I awoke to the realization that Trump was not just a nightmare but, a hard reality, on this bitter morning.
The michi-no-eki ‘Raiden kurumi no sato‘ is surrounded by mountains but there is no significant snow on them.
We decide to start the day with a walk in the gardens of Komoro castle ruins ‘Komoro Kaikoen’. The momiji is very pretty and some white plaster buildings make it all very picturesque but, I can’t help feeling how excited I would have been 30 plus years ago. I still appreciate it but, it doesn’t excite.
There is not much of the castle to see only some walls and a couple of original gates, massive wooden beams and tiled roofs, unusual in the 1500’s. apparently. The castle does not stand on a promontory but the site is cut through with steep ravines which I suppose served the same purpose. There is so little left it’s difficult to visualize how it stood and gauge its actual size.
We wander through the town of Komoro which is a mix of decay and local efforts to encourage tourism; the loan rickshaw walla who, as far as I could judge, gave no rides during the whole time of our visit.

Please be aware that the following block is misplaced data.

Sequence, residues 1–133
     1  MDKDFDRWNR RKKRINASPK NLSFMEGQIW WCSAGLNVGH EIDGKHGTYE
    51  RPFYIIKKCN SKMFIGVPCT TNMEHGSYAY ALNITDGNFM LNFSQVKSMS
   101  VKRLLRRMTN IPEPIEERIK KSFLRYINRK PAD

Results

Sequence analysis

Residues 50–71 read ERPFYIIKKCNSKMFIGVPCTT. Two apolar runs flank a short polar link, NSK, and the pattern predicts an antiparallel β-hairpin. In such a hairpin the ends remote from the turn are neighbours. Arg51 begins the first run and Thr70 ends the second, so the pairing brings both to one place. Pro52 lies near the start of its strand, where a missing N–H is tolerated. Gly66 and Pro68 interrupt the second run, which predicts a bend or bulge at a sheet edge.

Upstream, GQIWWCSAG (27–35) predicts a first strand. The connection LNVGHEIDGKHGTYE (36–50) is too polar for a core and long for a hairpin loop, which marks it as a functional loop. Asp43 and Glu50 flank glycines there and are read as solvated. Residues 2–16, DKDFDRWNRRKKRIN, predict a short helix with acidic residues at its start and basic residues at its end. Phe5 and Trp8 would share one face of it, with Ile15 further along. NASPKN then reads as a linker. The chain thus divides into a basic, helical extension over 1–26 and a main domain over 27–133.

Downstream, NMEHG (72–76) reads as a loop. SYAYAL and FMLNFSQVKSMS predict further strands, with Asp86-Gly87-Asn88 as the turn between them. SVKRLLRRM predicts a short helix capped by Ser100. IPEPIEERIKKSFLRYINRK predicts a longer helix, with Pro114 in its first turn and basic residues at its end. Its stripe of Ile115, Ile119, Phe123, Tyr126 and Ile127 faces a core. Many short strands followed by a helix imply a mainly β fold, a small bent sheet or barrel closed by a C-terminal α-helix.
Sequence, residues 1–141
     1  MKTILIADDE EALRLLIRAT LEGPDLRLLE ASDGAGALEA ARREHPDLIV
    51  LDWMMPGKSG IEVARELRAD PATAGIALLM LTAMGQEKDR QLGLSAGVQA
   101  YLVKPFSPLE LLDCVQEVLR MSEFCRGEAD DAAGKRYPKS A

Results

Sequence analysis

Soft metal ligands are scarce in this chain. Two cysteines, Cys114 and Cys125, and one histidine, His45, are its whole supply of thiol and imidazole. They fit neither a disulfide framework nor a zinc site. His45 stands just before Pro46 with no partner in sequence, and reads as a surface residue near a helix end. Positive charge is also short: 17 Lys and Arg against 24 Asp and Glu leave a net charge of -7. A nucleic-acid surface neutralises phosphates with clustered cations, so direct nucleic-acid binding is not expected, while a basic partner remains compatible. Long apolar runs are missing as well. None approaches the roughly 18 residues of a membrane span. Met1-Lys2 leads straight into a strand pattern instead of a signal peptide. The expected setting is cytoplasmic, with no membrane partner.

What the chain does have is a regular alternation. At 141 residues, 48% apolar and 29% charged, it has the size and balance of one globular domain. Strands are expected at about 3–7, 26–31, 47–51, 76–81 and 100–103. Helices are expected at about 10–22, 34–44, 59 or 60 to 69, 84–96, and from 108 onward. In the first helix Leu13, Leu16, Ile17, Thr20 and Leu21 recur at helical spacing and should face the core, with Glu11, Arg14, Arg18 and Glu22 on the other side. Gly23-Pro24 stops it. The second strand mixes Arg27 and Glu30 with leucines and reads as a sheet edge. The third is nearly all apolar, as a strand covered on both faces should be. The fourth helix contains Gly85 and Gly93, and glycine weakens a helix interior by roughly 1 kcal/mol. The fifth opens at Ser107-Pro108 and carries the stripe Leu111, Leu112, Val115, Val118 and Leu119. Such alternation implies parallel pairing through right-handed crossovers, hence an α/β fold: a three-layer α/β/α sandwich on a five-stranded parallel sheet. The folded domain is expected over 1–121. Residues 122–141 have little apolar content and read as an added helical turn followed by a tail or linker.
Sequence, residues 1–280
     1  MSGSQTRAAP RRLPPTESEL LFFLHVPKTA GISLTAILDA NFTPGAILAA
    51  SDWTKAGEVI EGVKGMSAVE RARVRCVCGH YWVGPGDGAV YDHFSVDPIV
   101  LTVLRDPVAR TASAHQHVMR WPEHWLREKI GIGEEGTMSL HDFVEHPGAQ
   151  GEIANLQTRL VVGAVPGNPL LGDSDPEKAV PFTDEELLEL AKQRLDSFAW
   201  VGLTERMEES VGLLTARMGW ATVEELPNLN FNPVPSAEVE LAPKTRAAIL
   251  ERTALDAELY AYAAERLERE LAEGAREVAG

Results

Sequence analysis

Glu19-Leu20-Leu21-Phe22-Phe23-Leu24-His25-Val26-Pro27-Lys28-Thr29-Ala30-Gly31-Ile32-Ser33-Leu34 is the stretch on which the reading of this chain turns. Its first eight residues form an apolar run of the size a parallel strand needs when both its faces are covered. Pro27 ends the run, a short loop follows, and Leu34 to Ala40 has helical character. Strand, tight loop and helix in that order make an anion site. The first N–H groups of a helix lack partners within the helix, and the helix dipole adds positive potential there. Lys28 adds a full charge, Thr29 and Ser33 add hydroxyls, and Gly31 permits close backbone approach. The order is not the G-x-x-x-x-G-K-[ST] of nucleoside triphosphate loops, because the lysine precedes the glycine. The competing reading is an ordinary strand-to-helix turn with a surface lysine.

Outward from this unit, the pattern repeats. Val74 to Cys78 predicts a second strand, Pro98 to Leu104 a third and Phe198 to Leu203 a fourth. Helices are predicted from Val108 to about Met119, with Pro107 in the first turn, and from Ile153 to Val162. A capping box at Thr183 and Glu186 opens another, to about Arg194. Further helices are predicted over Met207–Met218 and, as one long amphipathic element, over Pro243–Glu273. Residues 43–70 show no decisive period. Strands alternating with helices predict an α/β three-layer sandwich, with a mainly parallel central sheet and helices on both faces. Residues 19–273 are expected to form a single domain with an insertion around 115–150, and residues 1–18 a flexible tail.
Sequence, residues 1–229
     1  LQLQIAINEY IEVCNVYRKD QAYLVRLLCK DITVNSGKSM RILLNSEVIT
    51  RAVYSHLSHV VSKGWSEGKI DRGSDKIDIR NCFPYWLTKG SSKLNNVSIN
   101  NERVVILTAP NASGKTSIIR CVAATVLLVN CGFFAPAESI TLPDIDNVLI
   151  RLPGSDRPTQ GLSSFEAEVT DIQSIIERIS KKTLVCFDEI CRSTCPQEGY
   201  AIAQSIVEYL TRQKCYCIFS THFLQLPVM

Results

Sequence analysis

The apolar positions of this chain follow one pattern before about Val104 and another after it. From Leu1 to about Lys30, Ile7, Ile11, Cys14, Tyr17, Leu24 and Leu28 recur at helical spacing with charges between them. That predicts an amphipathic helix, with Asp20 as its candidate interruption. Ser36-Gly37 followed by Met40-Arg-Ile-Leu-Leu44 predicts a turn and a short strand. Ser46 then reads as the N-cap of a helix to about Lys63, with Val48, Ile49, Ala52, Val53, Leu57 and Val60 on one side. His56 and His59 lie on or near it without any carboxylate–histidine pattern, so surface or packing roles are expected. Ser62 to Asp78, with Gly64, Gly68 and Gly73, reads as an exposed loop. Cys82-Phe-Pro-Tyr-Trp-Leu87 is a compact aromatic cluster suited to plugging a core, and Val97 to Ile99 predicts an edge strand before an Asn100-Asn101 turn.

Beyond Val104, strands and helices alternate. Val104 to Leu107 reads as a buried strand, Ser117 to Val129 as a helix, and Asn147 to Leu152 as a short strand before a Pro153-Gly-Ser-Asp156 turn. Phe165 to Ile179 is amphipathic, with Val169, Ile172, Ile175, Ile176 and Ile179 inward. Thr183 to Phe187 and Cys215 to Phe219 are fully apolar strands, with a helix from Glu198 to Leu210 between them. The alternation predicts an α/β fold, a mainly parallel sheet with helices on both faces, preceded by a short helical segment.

Having missed out on a bath the previous night, we decide to go to the onsen and have lunch there. The onsen ‘Aguri no yu Komoro’ is very busy, given that it is a Thursday lunchtime, but, once inside the place is so big, it does not seem crowded at all. There are two baths inside, the smaller hotter one, at 42 degrees, really warms you up.
The rotenburo (outside bath) provides a good view of Mt. Asamayama so, the overall impression is very favourable. The lunch is reasonably priced and not bad though D. clearly enjoyed her choice more than I mine. It dawns on us slowly that the whole facility is run by JA.
＊Komoro Kaikoen ; 500 yen/adult
＊Aguri no yu Komoro ; 500 yen/adult
Way to Tokyo
After lunch, we set a course for Tokyo, crossing through the mountains at Karuizawa. I have seen these jagged mountains before but, they always demand respect. After Mt. Myogi, the drive deteriorates into a single file procession through Gumma into Saitama. We pass through Honjo where D. spent the summers of her childhood. In the intervening years it has morphed from rice fields into used car lots, pachinko parlours, ramen joints and Aeon.
We stop at michi-no-eki Okabe for the night. I can see D. is uneasy about the place but, to me it is no different from the others, just bigger and more urban. After checking various blogs, she seems to settle whatever worries she had.
The author is a long term resident of Japan who has and continues to travel the country extensively. Avoiding highways where possible, the author has driven from Kagoshima in Kyushu to Wakanai in Hokkaido covering 20,000 plus kilometres and counting.